• It was just plain stupid. ("Lean on a tree...") 
Withall that in mind the first challenge was finding a technique I could actually try, whilst working in a insurance call centre.

Moleskine NotepadIn the end I settled on "Take a notebook to work. Write down your worries to make them go away. Write down your tasks to organise your day." I happen to a have a very nice Moleskine Notepad so I took this to work with me, and, when in the morning my stress levels were approaching explosion levels, I wrote down what was annoying me.

Honestly, speaking I can't say it calmed me down. Instead it wound me up as I realised that so many of thees problems were things that I just couldn't fix, things that I would have to keep putting up with until I either quit, get made redundant, or finally get recognised for the hard-worker I am and promoted.

The more I wrote, the more stressed out I became as I realised just how completely hopeless everything had become, and how stressed out I was constantly feeling. I could feel the tension in my forehead, and started worrying that all this stress was giving me (more) wrinkles. 

Eventually, overwhelmed by everything I gave up, and emailed my team leader asking for a meeting so I can talk things through and try to work out a plan as to how to make things better.

And as soon as I did that I started to feel a heck of a lot better all at once.

So, it turns out that writing things down did help a little. It meant that I could pass off the problems that were ouside my control to someone else to deal with and take a little bit of the weight off of my shoulders. Back in my normal role, where I was just a nobody taking phonecalls and no-one expected anything more of me, it was very easy to just get on with my job, and try not to let get to me.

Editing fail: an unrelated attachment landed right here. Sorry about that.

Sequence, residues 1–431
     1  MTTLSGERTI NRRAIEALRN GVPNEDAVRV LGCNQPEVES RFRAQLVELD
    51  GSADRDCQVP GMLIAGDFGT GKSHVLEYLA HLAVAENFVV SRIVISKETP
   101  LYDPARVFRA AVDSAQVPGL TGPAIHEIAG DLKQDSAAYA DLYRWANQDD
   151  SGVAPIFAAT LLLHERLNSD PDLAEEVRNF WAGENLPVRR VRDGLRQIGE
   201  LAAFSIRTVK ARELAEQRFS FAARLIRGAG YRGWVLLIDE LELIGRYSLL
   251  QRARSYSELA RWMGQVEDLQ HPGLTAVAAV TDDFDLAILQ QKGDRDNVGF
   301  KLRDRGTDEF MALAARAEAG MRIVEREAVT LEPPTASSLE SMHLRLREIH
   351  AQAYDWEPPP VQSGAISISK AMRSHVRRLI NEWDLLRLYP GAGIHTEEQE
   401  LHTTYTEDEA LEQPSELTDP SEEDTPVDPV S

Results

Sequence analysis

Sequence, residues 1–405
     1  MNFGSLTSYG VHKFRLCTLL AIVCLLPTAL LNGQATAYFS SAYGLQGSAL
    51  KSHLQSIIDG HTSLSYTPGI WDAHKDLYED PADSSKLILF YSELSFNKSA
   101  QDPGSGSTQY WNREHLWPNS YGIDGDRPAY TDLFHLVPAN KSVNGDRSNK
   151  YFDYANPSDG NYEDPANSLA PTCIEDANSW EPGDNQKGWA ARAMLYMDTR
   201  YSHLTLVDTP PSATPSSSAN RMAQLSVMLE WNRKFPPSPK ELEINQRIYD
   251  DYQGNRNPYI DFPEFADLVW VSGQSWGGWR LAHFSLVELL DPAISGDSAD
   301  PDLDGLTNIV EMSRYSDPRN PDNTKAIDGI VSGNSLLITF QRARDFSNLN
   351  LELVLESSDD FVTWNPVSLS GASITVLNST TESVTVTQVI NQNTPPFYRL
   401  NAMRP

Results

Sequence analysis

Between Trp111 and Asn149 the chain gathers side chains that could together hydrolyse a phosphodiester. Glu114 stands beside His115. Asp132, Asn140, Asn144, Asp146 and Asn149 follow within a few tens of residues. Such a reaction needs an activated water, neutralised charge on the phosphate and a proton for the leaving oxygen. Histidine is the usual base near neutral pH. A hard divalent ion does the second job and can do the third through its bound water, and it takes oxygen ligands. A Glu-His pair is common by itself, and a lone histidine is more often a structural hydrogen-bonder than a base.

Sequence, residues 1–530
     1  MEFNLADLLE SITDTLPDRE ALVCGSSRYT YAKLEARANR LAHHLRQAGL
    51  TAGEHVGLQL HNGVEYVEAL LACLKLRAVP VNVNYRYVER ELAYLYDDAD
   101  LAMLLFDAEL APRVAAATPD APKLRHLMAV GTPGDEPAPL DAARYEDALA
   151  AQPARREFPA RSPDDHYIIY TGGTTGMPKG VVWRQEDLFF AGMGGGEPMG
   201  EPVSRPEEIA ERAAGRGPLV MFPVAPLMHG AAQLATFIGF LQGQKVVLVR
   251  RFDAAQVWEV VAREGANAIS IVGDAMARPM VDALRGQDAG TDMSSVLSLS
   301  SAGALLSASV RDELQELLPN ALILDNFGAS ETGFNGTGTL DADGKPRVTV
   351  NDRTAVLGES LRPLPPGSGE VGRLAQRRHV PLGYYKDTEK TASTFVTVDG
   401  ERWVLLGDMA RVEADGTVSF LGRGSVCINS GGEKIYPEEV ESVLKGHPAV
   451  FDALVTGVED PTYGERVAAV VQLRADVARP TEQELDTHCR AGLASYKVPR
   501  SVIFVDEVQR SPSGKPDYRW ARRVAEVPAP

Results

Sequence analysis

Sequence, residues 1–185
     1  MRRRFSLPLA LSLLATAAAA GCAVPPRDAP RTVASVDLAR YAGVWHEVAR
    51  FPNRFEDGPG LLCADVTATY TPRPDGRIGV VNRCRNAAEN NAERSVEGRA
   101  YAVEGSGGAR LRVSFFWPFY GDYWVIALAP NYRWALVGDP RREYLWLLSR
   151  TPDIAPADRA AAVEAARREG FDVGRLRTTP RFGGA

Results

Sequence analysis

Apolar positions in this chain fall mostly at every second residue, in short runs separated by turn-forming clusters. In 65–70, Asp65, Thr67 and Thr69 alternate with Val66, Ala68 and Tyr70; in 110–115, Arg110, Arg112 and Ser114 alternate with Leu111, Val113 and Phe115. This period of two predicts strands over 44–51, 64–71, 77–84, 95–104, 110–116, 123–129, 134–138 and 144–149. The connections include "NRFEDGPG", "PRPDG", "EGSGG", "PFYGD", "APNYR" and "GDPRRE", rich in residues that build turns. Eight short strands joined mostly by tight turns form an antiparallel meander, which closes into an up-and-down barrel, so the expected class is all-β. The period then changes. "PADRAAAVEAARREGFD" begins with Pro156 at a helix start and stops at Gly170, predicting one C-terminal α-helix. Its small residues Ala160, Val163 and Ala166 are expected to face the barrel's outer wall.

Which I suppose makes my first lesson of the week "Happiness is delegating your problems to others." 
 It seems like rather a stuck-up realisation...

Enlightenment might be harder to find than it first seemed...

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Sunday, February 12

Does the UK need Atheist court battles?

It's rare that we have atheist news in the UK. As a whole our country has got used to being a secular country that likes to think of itself as Christian. We tick the box Christian box just because we happened to have been Christened and we put some money in the Salvation Army's charity box last Christmas. 

This week though we got two big atheist headlines at once.  

Firstly, a Judge ruled prayer at local council meetings unlawful, and secondly there is a campaign to keep chaplains in our hospitals

The papers had a field day with it of course, all of them leading with the headlines that were something along the lines of "Christianity under attack". A former archbishop even prophesied a time when police would drag priests from the pulpit for preaching. It all got a bit silly. 

And I find myself torn. In any other country I would be right up there saying "too right!" But in my own homeland... Well, it's just a little different. 

Maybe it's because I was raised Christian, but I have a soft spot for the pomp of organised religion. There is something settling about being asked to bow my head in a moment of prayer, even if I do find myself chuckling at the ridiculous things people pray for. And I love listening to a good old fashioned preacher give a humorous, but completely inoffensive, sermon to his middle-class flock. And I have to wonder, I have to ask, does it really matter?